A third bearing member 50 is mounted between the hubs 38, 40 to permit the hubs 38, 40 to rotate relative to one another about the axis 30. Preferably, the third bearing member 50 is solely supported between the hubs 38, 40, i.e., the third bearing member 50 is not supported on the spindle 32. The third bearing member 50 is mounted on opposing faces 42, 44 of the hubs 38,40 and is not supported by the spindle 32. Wheel rims 46 are mounted to each hub 38, 40 and the tires 24 a, 24 b are mounted to the respective rims 46. A fastening assembly is used to hold the assembly together on the spindle 32. Preferably, a nut 48 mounted on the outer end of the spindle 32 retains the hubs 38, 40 in the proper axial location and prevents any linear movement along the axis 30. While the nut 48 is preferred, other known fasteners could also be used.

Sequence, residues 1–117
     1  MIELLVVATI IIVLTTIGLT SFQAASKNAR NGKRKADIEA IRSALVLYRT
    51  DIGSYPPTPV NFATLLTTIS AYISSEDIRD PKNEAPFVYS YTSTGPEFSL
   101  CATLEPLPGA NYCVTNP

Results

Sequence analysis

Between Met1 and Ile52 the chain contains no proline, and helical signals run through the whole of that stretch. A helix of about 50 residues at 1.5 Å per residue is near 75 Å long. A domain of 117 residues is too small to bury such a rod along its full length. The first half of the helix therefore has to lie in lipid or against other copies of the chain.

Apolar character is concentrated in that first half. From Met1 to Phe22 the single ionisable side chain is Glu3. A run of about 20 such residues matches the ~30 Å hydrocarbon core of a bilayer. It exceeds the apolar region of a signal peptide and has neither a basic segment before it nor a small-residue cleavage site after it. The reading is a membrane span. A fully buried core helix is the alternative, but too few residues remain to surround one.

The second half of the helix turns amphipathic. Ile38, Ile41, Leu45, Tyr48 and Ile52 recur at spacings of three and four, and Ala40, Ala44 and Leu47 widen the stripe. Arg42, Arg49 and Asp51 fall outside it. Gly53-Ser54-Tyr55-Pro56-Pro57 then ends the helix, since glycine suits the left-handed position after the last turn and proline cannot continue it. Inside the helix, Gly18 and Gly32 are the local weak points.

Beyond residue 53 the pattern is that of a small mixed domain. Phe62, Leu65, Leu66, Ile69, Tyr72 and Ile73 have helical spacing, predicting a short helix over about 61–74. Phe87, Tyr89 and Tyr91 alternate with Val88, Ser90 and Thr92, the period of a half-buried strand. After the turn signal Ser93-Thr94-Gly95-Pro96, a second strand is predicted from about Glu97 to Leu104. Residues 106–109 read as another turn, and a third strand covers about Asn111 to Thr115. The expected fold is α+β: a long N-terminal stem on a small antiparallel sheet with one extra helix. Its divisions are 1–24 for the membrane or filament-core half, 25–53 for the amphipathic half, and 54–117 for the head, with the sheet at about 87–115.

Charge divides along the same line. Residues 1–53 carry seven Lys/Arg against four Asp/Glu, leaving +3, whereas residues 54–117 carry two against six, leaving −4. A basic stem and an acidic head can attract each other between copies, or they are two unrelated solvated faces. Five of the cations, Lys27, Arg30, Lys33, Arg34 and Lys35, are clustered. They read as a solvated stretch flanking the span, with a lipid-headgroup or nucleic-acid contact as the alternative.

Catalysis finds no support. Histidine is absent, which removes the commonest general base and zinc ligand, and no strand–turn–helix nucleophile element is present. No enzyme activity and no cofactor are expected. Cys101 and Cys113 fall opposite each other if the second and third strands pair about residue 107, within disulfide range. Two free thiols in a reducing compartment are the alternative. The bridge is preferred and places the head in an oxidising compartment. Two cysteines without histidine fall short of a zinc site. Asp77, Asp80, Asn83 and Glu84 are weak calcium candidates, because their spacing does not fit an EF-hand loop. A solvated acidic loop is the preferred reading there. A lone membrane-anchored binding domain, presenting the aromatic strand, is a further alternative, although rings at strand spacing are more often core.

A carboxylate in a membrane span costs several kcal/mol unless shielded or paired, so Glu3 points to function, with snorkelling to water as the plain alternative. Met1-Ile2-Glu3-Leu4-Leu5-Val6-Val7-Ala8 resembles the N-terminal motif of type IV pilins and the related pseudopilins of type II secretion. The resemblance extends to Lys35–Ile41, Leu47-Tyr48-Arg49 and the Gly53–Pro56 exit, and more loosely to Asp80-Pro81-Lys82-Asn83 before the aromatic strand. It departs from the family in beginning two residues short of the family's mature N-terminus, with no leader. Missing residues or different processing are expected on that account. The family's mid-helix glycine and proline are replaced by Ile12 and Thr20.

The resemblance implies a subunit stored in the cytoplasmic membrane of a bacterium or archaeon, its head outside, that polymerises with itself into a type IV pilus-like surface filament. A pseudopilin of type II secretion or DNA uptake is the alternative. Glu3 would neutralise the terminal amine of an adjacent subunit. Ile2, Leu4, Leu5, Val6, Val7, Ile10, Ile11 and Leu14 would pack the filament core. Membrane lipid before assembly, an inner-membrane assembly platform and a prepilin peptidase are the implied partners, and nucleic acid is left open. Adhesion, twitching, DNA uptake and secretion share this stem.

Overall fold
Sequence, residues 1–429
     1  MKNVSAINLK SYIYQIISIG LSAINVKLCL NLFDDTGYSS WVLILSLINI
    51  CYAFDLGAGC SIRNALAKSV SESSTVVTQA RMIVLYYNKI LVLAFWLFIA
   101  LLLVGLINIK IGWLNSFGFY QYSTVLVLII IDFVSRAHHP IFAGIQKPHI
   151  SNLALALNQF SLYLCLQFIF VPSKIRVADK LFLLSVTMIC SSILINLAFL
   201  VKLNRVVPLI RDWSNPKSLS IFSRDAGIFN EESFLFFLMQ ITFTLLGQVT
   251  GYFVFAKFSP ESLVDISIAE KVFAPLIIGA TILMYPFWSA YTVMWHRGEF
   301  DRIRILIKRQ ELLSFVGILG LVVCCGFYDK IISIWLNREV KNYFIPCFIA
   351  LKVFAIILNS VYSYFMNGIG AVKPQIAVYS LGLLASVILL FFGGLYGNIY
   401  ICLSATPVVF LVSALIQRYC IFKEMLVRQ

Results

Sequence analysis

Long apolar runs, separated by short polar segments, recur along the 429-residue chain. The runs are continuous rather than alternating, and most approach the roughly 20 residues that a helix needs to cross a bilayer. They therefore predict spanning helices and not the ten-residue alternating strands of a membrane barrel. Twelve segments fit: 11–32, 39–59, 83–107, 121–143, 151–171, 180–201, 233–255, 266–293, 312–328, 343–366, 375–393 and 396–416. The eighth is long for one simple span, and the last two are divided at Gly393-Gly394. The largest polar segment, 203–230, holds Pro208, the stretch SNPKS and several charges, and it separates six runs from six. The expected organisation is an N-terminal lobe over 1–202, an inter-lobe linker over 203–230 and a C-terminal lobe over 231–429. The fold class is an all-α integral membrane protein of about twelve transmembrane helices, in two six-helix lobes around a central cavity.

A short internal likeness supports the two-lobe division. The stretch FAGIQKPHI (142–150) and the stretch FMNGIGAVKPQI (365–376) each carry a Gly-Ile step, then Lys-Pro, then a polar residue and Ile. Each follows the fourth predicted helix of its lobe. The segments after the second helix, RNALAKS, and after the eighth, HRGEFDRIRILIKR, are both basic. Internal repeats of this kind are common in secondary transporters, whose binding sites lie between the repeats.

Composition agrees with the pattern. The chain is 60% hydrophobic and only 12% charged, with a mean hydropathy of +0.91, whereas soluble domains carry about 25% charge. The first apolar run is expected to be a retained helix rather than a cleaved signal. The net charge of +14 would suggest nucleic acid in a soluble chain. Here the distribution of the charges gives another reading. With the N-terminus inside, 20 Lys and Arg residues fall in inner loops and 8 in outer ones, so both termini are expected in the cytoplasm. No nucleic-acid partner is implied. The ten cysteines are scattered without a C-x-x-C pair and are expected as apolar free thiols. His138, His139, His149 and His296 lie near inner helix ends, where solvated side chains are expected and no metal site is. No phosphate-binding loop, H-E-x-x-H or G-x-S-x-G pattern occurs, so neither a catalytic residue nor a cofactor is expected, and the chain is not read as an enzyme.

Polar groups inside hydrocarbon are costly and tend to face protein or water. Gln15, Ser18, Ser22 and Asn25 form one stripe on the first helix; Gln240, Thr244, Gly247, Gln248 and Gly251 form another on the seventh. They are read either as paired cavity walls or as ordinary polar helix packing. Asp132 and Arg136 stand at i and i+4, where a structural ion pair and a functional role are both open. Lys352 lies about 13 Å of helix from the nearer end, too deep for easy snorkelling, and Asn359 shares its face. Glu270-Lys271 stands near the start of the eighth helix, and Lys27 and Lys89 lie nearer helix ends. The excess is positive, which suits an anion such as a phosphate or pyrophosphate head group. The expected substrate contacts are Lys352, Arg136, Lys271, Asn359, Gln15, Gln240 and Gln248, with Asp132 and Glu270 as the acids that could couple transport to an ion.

Typically, each hub 38, 40 is supported on the spindle 32 with a pair of bearings, however, because the third bearing member 50 is incorporated between the hubs 38, 40 only a single bearing 34 a, 34 b is needed to support each hub 38, 40 on the spindle 32. This reduces the number of bearings required and eases the bearing preload process for the wheel, which in turn reduces cost and assembly time.

Preferably, the third bearing member 50 is positioned between the bearings 34 a, 34 b and has a diameter that extends a greater radial distance away from the axis 30 than the diameters of the bearings 34 a, 34 b supported by the spindle 32.